“So should I cash out of the stock market?”
This is the question I’ve heard from several liberal-leaning friends in the last few months. I get a few emails in this vein every time the stock market hits new highs, as it did Friday.
They are worried that the combination of high share prices and an erratic president mean that the only direction for stocks is down. They are considering shifting some of their assets into cash or bonds.
The short and safe answer to give them is: “I don’t know.” But there’s also a long answer.
Letting one’s political opinions shape investing decisions is a good way to lose money. Whether a given chunk of your savings should be in stocks, bonds or cash depends on your appetite for risk and when you’re going to need that money. It shouldn’t be shaped by whether you love or hate the current occupant of the White House.
We all have a tendency to fall for motivated reasoning. If you think President Donald Trump and his policies are bad, there’s a natural tendency to think that will soon be reflected in share prices. That could turn out to be true. But politics makes us stupid. It can cause us to overweight the risks and perils we want to see, and underweight the possibility that, at least in terms of markets, things could go quite well.
First, much of the movement in stocks has little to do with what the president of the United States does.
It would be silly to credit Bill Clinton with the dot-com boom that took place during his presidency, or to blame George W. Bush for the collapse of it.
But even when the action out of Washington is driving markets, it is easy to be blinded by your political opinions. The response to the financial crisis by the Obama administration and the Federal Reserve in early 2009 succeeded at ending the recession and setting the U.S. economy on an expansion that continues to this day.
Conservatives tended to malign the stock market rally every step of the way. But those who put their money where their mouth was — that is, into cash instead of stocks — lost out on a 182 percent gain in the Standard & Poor’s 500 during the Obama presidency.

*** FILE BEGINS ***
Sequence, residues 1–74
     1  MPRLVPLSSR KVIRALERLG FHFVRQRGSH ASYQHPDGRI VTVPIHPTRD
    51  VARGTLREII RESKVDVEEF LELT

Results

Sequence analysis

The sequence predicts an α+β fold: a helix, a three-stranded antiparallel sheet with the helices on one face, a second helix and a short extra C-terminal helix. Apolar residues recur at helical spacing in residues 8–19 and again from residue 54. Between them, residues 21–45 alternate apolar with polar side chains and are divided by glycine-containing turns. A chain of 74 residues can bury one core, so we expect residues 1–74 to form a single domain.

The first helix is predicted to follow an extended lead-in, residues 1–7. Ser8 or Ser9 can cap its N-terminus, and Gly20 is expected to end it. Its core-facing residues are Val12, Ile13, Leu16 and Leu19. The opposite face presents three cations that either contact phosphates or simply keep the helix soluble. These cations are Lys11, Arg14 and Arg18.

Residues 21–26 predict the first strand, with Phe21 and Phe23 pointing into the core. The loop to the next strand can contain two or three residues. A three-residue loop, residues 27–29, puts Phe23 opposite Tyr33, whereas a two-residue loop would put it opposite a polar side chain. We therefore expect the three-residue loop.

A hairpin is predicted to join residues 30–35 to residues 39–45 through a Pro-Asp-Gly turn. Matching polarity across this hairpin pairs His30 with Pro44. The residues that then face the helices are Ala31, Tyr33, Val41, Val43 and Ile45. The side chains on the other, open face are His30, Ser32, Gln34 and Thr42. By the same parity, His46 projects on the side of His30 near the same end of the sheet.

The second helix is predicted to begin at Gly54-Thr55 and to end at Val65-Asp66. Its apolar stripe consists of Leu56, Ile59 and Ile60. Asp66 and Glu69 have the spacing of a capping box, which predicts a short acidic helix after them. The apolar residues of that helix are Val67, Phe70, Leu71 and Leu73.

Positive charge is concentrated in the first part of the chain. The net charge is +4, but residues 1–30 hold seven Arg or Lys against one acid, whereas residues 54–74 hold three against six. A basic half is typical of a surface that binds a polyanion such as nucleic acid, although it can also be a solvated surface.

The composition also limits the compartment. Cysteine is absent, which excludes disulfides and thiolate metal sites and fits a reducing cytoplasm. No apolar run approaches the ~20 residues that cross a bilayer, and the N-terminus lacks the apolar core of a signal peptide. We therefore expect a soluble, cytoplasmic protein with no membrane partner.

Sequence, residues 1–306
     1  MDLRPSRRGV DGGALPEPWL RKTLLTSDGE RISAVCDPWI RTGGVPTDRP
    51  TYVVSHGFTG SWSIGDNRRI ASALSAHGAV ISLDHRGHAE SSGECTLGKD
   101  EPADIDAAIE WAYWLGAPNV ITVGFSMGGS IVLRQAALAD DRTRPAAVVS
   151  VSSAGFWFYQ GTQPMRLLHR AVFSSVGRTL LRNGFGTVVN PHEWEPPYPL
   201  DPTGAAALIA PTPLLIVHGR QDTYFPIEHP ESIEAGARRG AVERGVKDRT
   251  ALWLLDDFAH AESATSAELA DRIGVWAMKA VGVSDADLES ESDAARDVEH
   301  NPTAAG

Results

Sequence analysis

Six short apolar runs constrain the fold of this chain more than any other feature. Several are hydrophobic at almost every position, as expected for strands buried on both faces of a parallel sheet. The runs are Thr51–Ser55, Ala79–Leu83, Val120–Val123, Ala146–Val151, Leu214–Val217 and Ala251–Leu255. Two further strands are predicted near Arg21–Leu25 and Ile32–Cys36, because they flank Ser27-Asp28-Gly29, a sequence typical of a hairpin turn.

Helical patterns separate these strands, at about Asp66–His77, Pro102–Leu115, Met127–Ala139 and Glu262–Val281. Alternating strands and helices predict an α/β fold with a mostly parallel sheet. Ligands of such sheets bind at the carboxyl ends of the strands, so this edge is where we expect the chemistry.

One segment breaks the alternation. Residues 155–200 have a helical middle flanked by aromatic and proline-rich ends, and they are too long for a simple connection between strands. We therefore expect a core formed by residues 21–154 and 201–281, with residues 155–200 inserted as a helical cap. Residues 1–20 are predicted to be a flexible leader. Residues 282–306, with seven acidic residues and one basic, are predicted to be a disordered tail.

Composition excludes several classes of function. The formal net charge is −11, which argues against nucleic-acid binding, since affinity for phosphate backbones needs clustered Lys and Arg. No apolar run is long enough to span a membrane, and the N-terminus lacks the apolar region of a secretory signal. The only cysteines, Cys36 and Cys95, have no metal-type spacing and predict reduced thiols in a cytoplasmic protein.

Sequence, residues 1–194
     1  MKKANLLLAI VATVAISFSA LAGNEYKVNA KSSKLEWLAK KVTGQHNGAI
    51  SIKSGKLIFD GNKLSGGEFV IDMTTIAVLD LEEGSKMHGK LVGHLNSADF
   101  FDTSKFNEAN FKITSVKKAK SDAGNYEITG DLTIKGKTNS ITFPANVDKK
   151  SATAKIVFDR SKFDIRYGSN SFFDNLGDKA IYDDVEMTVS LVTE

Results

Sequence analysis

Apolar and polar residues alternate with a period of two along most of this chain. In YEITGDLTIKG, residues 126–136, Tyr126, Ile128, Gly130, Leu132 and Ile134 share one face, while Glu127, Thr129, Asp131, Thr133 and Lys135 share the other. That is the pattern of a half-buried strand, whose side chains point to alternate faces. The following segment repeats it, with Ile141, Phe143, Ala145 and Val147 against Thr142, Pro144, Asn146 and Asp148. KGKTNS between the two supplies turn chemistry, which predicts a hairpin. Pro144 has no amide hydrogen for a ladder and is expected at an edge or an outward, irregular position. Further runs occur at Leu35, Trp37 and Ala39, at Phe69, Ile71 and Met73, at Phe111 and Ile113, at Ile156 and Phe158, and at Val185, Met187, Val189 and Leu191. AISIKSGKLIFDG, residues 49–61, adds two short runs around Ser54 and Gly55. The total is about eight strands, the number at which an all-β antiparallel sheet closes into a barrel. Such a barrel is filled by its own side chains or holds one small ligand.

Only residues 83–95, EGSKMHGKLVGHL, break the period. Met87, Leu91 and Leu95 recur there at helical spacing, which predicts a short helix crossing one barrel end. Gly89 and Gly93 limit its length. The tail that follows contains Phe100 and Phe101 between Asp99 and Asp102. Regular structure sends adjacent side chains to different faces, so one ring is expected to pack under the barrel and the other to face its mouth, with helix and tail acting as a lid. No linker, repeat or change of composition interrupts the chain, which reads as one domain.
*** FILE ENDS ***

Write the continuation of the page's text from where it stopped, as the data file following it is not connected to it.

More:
Liberals are just as susceptible to this motivated reasoning. Barry Ritholtz of research firm FusionIQ recalls hearing left-leaning friends in the hedge fund industry confidently assert in 2003 that the Bush tax cuts would be bad for markets by blowing out the budget deficit and failing to create jobs. Instead, the stock market rose steadily from that point until late 2007.
There’s certainly no guarantee that the stock market will continue to rise under the Trump administration. There are ways that the outlook for investors could get better, and also plenty of ways for them to get worse.
It’s very likely there will be corporate tax cuts and deregulation, both of which benefit companies’ bottom lines in a pretty direct and measurable way. It was optimism about those policy priorities that has driven the market rally since Election Day. Throw in some extra government spending on the military and public infrastructure, and you have a recipe for speedier growth.
Maybe the pragmatic, pro-business figures in the Trump administration will prevail in internal battles, meaning that, whatever you think of the broader policy agenda, there could be boom times for corporate bottom lines.
There are, of course, darker possibilities.
Trump could spark a trade war that could turn into a global recession. Military conflict could break out with a major trading partner like China or disrupt oil supplies in the Middle East. And a small crisis could spiral into something bigger because of Trump’s seat-of-the-pants management style.
Whatever probability you assign to positive and negative outcomes, it’s hard to dispute that the range of possibilities for what the global economy looks like four years from now is uncommonly large. All else being equal, more variation in the economic future means that stocks are riskier.
It’s also true that by many measures stock valuations are high. Investing $100 in the S&P 500 buys only about $4.69 in annual earnings, down from $5.06 before the election. There is always the possibility of a major correction — something that would be true no matter who was in the Oval Office.
If that scares you, your money probably shouldn’t be in the stock market. If you are planning to tap into those investments in the next few years and a 25 percent drop would be devastating, that’s all the more reason to limit your exposure to the market. Stocks tend to offer good long-term returns, but can deliver low or negative returns for many years at a time.
Moving money out of stocks because you need it within the next few years and can’t stomach that kind of risk is one thing. But making a move just because you lack confidence in Trump could be a case of letting ideology trump investing discipline.